Airport review: Chicago O'Hare, Terminal 5

IATA CODE

ORD

THE FLIGHT

British Airways BA296 to London Heathrow, premium economy.

THE ARRIVAL

Easily the most fun way to get to the airport is on the L - the photogenic, rattling, elevated train from downtown. The train costs $US5 and takes about 45 minutes. Otherwise, for a poorly-advised lazy bones in a taxi, it's about 30 minutes to an hour to cover the 28 kilometres, if traffic is good. But it rarely is, and can often take twice as long. Expect to pay $US30 to $US40, depending on how snarly the traffic is.

THE LOOK

Well, someone's got their hands on the Big Book of Extremely Generic Modern Airport Design. The highly functional, shiny white building is designed to be a big open space without support pillars getting in the way, but the space is full of check-in queues anyway. Airside, there's a bit more panache, with a long, thin, gently curving swoop of a terminal kept bright by three strips of ceiling lights that look like tyre tracks on a race circuit.

CHECK-IN

There is one advantage to your flight being delayed three hours, but checking in early anyway: a check-in queue of precisely zero people. This is fortunate as there are none of the touch screens that speed the process up at other airports.

SECURITY

It's eight minutes to get past the passport check, then a short but seemingly slow-moving queue through the conveyor belts and scanners. That only takes another 10 minutes, though. Take slip-on shoes, as you're going to have to take them off.

FOOD AND DRINK

Face-stuffing is possible at O'Hare, with a genuinely pleasing variety of options. The food court section offers bao with pan-Asian fillings at Wow Bao, plus filled pitas and Greek salads at Urban Olive. Elsewhere, several sit-down restaurants cover ground from classic Italian to sushi rolls. The star of the show is Frontera, which offers a posh takes on tortas and other Mexican dishes. Most dining options sell local beers from Revolution Brewing, while Kofe sells fresh-roasted coffees and organic teas. Given the dire standards at other US airports, this is genuinely impressive.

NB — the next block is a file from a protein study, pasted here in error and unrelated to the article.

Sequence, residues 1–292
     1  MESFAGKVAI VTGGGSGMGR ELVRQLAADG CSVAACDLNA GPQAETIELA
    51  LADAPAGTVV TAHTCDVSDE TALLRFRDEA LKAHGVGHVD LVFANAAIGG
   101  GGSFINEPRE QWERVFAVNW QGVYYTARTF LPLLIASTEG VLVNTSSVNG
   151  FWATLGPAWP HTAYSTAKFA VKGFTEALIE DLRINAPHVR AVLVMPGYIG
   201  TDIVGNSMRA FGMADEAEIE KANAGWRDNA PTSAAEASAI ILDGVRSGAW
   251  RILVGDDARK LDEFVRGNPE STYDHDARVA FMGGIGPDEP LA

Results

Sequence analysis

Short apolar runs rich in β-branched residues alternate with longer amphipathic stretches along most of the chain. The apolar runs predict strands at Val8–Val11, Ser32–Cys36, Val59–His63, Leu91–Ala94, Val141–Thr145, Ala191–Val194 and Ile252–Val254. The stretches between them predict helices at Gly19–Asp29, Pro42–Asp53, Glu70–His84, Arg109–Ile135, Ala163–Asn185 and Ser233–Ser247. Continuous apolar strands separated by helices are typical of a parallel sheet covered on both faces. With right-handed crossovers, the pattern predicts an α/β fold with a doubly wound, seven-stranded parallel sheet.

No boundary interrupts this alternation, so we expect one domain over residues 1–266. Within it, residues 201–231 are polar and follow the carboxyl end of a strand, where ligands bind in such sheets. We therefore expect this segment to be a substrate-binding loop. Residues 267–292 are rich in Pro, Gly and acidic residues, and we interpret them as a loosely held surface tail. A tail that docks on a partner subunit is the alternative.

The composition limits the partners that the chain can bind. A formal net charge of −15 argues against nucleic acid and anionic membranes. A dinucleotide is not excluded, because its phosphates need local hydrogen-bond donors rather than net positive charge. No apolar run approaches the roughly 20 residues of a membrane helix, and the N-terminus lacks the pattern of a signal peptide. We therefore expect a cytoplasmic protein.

RETAIL THERAPY

The shopping, alas, doesn't live up to such heady standards. Duty Free is sizeable and has a better variety of spirits than many, but otherwise there are a few designer outlets – Armani, Swatch, Michael Kors – plus an electronics store and a tat shop that sells much the same low-to-medium grade souvenirs that the big Hudson News outlet does.

KILLING TIME

The Xpres Spa offers up fairly pricey massages, manicures, pedicures and facials – it's $42 for a 15-minute neck and back massage if you're interested. But head further around to near gate M5, and you'll find a photography exhibition showing landscapes from around the US.

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ONE MORE THING

Terminal 5 is the international terminal and thus, barring unexpected reshuffling or baffling decision-making, will be the one that Qantas operates from when its Brisbane to Chicago service launches in April 2020.

THE VERDICT

File under pleasant surprise. Big American hubs are almost universally hellish, so it's a relief to stumble across one that is actually pretty good. No-one's going to be amazed, but they can eat pretty well if they turn up early.

OUR RATING OUT OF FIVE

★★★★

David Whitley was a guest of Choose Chicago.

See also: 'Total disaster': Beware travellers, flying into LAX just got worse

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